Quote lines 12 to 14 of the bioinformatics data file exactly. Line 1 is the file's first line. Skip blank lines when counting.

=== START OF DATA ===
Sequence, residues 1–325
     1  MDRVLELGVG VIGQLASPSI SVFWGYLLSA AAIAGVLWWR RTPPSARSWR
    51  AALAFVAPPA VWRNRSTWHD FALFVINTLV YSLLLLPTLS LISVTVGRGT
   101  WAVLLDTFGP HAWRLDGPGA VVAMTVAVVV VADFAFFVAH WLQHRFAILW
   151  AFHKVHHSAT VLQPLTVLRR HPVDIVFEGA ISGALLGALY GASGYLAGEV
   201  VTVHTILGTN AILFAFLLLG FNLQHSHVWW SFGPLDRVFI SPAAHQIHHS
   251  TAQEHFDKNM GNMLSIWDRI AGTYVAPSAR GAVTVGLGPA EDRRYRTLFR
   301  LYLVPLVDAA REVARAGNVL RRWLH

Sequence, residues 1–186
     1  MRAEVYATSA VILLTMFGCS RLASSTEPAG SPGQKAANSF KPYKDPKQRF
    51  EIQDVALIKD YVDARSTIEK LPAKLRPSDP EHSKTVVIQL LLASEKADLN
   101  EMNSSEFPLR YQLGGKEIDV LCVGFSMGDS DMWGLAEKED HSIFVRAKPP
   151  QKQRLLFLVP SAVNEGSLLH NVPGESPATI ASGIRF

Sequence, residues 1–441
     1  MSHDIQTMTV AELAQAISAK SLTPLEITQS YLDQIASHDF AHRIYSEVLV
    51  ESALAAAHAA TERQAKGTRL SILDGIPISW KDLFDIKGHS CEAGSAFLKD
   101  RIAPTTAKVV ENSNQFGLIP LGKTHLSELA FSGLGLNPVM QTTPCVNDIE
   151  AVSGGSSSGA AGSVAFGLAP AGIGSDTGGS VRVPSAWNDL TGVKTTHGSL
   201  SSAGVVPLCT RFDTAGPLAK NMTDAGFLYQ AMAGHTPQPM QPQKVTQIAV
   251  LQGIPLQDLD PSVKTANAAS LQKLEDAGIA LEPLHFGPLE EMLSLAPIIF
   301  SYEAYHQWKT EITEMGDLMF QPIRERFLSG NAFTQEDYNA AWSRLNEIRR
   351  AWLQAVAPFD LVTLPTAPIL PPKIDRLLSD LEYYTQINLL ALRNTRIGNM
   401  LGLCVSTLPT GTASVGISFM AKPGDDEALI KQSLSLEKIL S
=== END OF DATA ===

   101  EMNSSEFPLR YQLGGKEIDV LCVGFSMGDS DMWGLAEKED HSIFVRAKPP
   151  QKQRLLFLVP SAVNEGSLLH NVPGESPATI ASGIRF

Sequence, residues 1–441